Some little pleasures seem to just happen. An assortment of port. An assembly of friends, add a little bittersweet chocolate and life takes on anew meaning. A moment savored. What more could we ask for? Maybe a taste of Luis Arroyo port? Life is good. The smiles on everyone's face says it all.
August 4 Our first day back home. We plan to spend the day relaxing, we are on vacation after all. We spent time putting away the things we had brought back because they were not being used and got out the things on our list that we want to take back with us. They were working on our street, so we got in some sidewalk superintendent time. Lest I forget it, we also had scrambled eggs for breakfast. We had been gone for almost 8 months and we had turned off the refrigerator when we left. Our daughter had turned it on several days ago so it was cold, but there was nothing in it other than what we had brought along from the coach. We laughed, but it was true, we were camping in our own house. Everyone one has to make their own decision when they opt for a life on the road. Had we waited several more years to live this life, it would have been possible to sell the house, but still not likely that we would have. We wanted to see if this was really something we wanted to do, or was it just a passing fancy. Our verdict after 8 months is that it is what we want to do. Will we feel the same way in another eight months? Only time will tell. We do feel that everyone needs to make their own decision in these matters and pay attention to their gut feeling. How I look at it must be in tune with Linda's thinking or it just isn't going to work. However what Jack or Jill, Tom or Suzy, or anybody else thinks has no bearing on what you should think. My opinion, and that is all it is, my opinion, is that there are only to decisions that count. The first is , do you really, really deep down in your heart, or if there are two of you, hearts, want to do this and second, do you "think" you have the financial ability to do it. Everything else is small stuff.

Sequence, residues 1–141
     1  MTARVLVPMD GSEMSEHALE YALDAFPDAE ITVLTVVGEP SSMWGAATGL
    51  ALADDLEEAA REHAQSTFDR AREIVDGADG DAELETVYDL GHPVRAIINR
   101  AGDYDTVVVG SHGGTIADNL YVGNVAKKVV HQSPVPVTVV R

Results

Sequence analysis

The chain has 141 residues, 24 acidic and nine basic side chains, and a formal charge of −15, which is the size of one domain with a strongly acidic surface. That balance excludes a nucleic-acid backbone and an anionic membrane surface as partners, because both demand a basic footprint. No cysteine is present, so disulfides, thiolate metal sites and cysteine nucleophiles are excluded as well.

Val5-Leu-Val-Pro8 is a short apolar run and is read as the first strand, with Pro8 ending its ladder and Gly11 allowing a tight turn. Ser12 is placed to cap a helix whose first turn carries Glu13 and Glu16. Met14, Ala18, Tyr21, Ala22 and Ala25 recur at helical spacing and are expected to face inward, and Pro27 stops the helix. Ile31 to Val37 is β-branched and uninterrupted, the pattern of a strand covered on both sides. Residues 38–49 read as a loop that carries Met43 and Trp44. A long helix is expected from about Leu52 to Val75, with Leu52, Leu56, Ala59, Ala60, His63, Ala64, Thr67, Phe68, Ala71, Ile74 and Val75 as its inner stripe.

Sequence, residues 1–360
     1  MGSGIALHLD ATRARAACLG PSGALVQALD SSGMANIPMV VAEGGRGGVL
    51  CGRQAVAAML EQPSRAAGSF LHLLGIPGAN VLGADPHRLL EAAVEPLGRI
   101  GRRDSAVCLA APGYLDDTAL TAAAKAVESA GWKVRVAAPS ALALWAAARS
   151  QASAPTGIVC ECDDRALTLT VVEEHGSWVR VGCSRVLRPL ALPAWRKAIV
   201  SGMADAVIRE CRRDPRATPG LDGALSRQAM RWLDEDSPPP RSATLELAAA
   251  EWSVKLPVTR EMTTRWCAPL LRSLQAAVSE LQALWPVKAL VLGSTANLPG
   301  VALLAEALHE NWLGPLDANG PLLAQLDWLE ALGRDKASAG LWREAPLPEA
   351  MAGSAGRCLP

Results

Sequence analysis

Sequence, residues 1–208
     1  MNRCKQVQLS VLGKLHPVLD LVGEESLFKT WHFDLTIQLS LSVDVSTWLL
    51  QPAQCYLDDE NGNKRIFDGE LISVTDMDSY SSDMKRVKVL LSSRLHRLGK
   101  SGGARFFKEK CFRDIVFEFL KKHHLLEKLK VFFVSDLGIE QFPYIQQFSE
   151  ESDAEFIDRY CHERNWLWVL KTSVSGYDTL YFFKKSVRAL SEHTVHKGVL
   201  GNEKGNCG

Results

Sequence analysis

It was funny how the place we had lived in for almost 25 years didn't seem like home anymore. It was familiar, but not the same. It hadn't changed, we had changed. There was one thing I had been looking forward to, seeing a painting that hung on the family room wall. Months ago when we were down in Carroll County, Ohio I had looked for a house, not knowing where it was at, or what it looked like. We had also spent a wonderful time eating lunch in a country cemetery in East Sparta, sharing some time with my beloved Aunt Fern and Unky. Looking up I saw the painting. It brought back my childhood, the sound of playing cards, the memory of being taught how to play three handed, cutthroat euchre, the smell of hot cornstarch pudding bubbling in the pot. Of being loved just because I was. The painting of the house Aunt Fern and her father before her were born in. Wonderful memories.